One way professors break up long class lectures is through peer engagement for a short period of time. In some ways, the “breakout group” is a facet of virtual learning that was adopted into in-person classes. Yancy Dominick, a professor of philosophy at Seattle U associated with the honors program, features “pair-and-share” activities that provide a change of pace in a long class period with one-on-one student discussion.

“I’m not sure how much of it is due to the pandemic and how much is trying to find ways to invite students who might not have been comfortable speaking in large groups, even before the pandemic, so they still feel like they’re participating,” Dominick said.

Dominick also uses Canvas in some of his classes to emulate the feel of a Zoom chat box by having a virtual discussion open during class for students that are less comfortable with speaking up.

In addition to attendance and participation in class discussions, elements of assignments such as research papers and essays appear to have changed in recent years as well. Alexandra Smith, English professor at Seattle U, introduced a labor-based grading contract in the fall of 2020 in response to the highly subjective nature of what makes a “quality” piece of writing. The contract assesses the work put into an assignment in addition to the quality. The work is measured off of concrete parameters such as word count or the presentation of a thesis statement.

Smith employs these contracts in her Academic Writing Seminar at the UCOR 1100 level, to some success. Philpott’s faculty feedback indicated that students don’t perform as well on longer assignments in recent years, so Smith’s approach to grading could be one way to build a strong basis for higher UCOR levels.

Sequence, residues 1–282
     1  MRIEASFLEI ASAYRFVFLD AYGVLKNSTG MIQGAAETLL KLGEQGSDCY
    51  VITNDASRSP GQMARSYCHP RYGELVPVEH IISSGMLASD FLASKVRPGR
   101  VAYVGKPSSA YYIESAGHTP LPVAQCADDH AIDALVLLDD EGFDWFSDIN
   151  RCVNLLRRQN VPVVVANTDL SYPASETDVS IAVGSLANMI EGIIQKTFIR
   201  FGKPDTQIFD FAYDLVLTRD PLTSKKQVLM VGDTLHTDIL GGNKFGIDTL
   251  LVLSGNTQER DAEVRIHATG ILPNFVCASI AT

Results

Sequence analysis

In addition to the labor-based grading contract, Smith provides students with feedback to workshop the writing’s quality instead of penalizing students on subjective parameters. She implemented the grading contract based on what she had seen as an assistant director for Seattle U’s Writing Center. The uptick in no-shows and abrupt cancellations for Writing Center appointments is in-line with the fatigue that students are feeling in other areas, but they also appear to be struggling with gathering the stamina to write papers.

“The ability to do something like a writing assignment is impacted… I get the sense that students get overwhelmed and paralyzed,” Smith said.

Building the stamina in early UCOR levels is one way that professors are hoping students expand beyond assignments like one-page reaction essays and into a longer thesis-driven essay format. Philpott’s faculty survey reveals that professors are impressed with students’ ability to make cross-textual analyses, but need help formalizing those ideas into papers.

A variety of issues have appeared in higher education in the wake of a worldwide pandemic, but a consistent current runs through each professor’s observations, even in situations where class has returned to normal.

People are tired, faculty and students alike. How professors respond to their students’ chronic fatigue and their own in the coming quarters will shape future teaching techniques.

“I think a lot of professors are very tired… The rapid transition to online education, converting what you’ve done in a lifetime into something you can put on Zoom, was exhausting for faculty members,” Philpott said.

For professors like Ng, taking students out of the classroom is one way to improve morale. He takes UCOR and Honors students to the International District to consider the history of various cultures’ presences in Seattle—and to eat delicious food.

“If the university’s Jesuit values are about caring for the whole person, then that’s what we need to do,” Ng said.

Professors helping the new generation of students grow are aware of the challenges innate to the world today: ongoing fatigue, a rising mental health crisis and atrophy of important skills all contribute to the difficulties that students and professors are facing.

“You’ve got to teach the students who are in front of you, and that means thinking about how to reach them where they are, and how you make what you’re teaching relevant to their world,” Philpott said.m

Some classes may return to a pre-pandemic normal, but too many have indisputably changed in order to go unnoticed. As of yet, there is no blanket solution for ensuring that students come to class, do their work and feel supported in the Seattle U community. The variety of needs represented by Seattle U students and faculty requires a myriad of solutions that are tested for our current world.